mulching your lawn

4 Reasons Why You Should Be Mulching Your Lawn

Did you know that every time you mow the lawn and throw away the grass clippings, you’re wasting valuable fertilizer?

Grass blades are composed of about 85% water, plus other organic matter and nutrients such as nitrogen, phosphorus, and potassium making up the rest. If you leave these clippings on the yard after mowing, you will have fed and watered it with no extra work required!

There are many ways to leverage the benefits of grass clippings and other forms of mulch to help your lawn grow. In this blog, we’ll take you through what mulching is, and how to do it properly, and the reasons why you should be doing it.

What is Mulch? 

In ecological horticulture, “mulch” refers to organic matter – such as leaves or grass cuttings – that gets applied to soil to protect and supply it with nutrients. 

In the landscaping business, mulching is the process of doing so by adding a loose layer of shredded plant material on top of the soil. It’s a valuable tactic to use in almost every area of your garden. For home gardeners it’s also a great way to save time, money and effort.

Mulching helps soil retain moisture by shading the earth and covering it like a blanket. It allows water to be stored more effectively in the ground, so the soil remains loose and will not dry out too quickly. 

It also helps plants to grow by forming a protective layer against heavy rain and cold temperatures. Over time, the plant matter used for mulching is broken down by soil-dwelling organisms into natural fertilizers and valuable nutrients for plants.

Why Should You Be Mulching Your Lawn? 

It Saves Money

Fertilizer can be expensive, especially if you have a large lawn.

By mulching your grass clippings, you can continuously recycle and reuse the nutrients from just a single mow. As a result, you won’t need to keep spending money on fertilizer.

It Controls Lawn Thatch

Many gardeners assume that leaving grass clippings on the lawn adds to the build-up of thatch.

This couldn’t be further from the truth.

Fresh, organic matter causes a spike in microbial activity which is essential in the breakdown and control of lawn thatch.

When you mow and mulch on a regular basis, you’re keeping this microbial activity high. In turn, you’ll be keeping lawn thatch at a manageable level.

The only time mulching could add to the latch layer is if you try to mulch overgrown grass. This is because the long grass often becomes tough and ‘stalky’ which makes it difficult to break down.

By the way, over-application of chemical fertilizers can cause thatch to build-up. By mulching, we guarantee you’ll never over fertilize again.

It Improves Your Lawns Health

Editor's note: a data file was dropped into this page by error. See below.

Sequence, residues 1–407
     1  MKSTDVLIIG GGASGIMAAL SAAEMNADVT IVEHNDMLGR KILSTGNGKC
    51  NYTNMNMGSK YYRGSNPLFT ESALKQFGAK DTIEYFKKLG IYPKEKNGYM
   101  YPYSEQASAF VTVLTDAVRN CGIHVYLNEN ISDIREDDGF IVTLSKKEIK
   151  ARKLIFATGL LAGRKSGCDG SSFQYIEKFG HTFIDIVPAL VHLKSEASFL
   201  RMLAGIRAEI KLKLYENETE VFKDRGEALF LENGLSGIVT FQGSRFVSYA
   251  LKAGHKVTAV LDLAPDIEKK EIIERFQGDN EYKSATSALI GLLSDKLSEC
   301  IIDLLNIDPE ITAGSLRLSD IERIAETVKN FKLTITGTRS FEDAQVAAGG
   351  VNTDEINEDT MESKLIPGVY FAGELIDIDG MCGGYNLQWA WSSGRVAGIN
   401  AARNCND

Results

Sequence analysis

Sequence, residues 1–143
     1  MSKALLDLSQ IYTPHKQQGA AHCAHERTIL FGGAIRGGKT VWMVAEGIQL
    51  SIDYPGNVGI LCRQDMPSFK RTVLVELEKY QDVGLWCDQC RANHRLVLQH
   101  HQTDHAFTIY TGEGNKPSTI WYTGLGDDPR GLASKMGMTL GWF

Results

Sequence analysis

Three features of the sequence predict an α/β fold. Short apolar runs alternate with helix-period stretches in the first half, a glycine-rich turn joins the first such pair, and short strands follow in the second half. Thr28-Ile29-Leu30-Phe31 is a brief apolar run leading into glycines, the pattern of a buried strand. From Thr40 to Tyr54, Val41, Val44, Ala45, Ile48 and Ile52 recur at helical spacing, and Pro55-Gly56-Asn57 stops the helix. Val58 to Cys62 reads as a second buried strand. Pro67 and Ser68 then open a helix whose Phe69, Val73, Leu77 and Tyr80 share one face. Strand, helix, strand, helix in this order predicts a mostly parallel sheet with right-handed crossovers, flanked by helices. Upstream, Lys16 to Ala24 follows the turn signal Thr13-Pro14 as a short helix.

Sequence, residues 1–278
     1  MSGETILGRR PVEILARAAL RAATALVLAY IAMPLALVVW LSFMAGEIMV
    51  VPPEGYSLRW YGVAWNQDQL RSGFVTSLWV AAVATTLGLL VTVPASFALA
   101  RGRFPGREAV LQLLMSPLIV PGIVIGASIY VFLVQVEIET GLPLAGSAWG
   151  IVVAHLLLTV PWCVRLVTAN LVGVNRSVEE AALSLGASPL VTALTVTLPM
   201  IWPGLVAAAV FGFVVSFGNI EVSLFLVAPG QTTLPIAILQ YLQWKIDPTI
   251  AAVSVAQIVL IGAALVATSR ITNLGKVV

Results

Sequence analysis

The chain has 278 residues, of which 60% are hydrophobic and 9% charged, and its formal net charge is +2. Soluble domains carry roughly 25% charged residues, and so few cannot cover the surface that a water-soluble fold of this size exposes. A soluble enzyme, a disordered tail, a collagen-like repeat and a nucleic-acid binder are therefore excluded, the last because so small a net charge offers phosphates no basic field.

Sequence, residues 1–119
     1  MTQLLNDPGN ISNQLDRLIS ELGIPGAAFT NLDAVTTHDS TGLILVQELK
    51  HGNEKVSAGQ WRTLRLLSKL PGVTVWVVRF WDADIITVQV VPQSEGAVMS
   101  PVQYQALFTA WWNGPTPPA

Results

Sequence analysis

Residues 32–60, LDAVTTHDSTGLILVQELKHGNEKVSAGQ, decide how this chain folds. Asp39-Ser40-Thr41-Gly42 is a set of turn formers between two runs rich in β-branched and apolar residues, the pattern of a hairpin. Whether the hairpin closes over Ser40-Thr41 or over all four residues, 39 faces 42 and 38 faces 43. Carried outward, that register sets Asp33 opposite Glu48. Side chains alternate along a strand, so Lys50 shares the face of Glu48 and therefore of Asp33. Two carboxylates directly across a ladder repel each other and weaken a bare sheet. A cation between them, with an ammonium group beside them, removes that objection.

As leaf bits settle into the soil and decompose, they provide a food source for earthworms and other microorganisms that inhabit the soil. 

The availability of these nutrients increases the level of microbial activity in the soil, and improves the soil’s overall health. Your lawn will have more access to the nutrients it needs to thrive, while a balanced environment wards off weeds and other lawn issues. 

This in turn saves costs tied to weed control products and lawn fertilizers.

It’s Eco-Friendly

In addition to the direct benefits mulched leaves have on your lawn’s health, this practice also comes with environmental benefits! 

Consider landfill space, for instance. The EPA reported that in 2015, yard trimmings (including leaves) accounted for nearly 35 million tons of waste — with almost 11% of that waste going into landfills. 

Mulching leaves into lawns helps to cut back on this waste, freeing up existing landfills and mitigating the need to build more of them.

When NOT To Mulch 

When you mulch a lawn that has a lot of weeds, you aren’t doing your landscape any favors. Instead of thickening the grass, mulching will help spread weed seeds and leave your lawn with even more unwanted plants.

This is a situation where bagging beats mulching. In this case, continue collecting grass clippings and haul them away until the weeds are gone.​

Mulching a lawn that’s received applications of pesticides or fertilizers won’t necessarily be harmful to a lawn, but it may not have the effect you expect. 

Pesticides and fertilizers kill the microorganisms that eat away at mulch, and if those bugs aren’t present, there’s nothing left to process the mulch clippings and release their nutrients.​

Summit Landscape Helps You Maintain Your Lawn All Year Round 

Turn your landscape into a beautiful, accessible area where people can gather to relax, entertain, and enjoy the fresh air. At Summit Landscape, we have the materials and the skills to help you maintain a beautiful lawn all year round.

It’s time to make the most out of your landscape so you can relax, entertain, and enjoy the leisure of indoor living right under mother nature’s sky.

However, if your dreams are a little larger, we can help you design and install even the most intricate of landscaping elements. 

We offer a wide range of materials, and our experienced team has the skills to execute even the most elaborate of designs. We’ll help you achieve the best results possible, all while achieving your goals on budget and on time.

Connect with us today to see how we can help! 

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